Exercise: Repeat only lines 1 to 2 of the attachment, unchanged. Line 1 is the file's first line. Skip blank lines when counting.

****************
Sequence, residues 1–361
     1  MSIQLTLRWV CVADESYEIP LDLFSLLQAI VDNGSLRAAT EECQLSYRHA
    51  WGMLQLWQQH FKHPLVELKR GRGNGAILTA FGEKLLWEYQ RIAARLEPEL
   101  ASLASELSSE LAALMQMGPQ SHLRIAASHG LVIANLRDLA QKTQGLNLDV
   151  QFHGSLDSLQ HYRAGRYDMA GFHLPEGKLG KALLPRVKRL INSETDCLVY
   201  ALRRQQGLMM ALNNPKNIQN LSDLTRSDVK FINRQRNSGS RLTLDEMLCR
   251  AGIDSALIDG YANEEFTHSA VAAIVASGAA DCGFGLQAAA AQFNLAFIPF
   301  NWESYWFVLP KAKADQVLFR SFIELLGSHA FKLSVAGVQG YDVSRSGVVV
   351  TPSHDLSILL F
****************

Sequence, residues 1–361
     1  MSIQLTLRWV CVADESYEIP LDLFSLLQAI VDNGSLRAAT EECQLSYRHA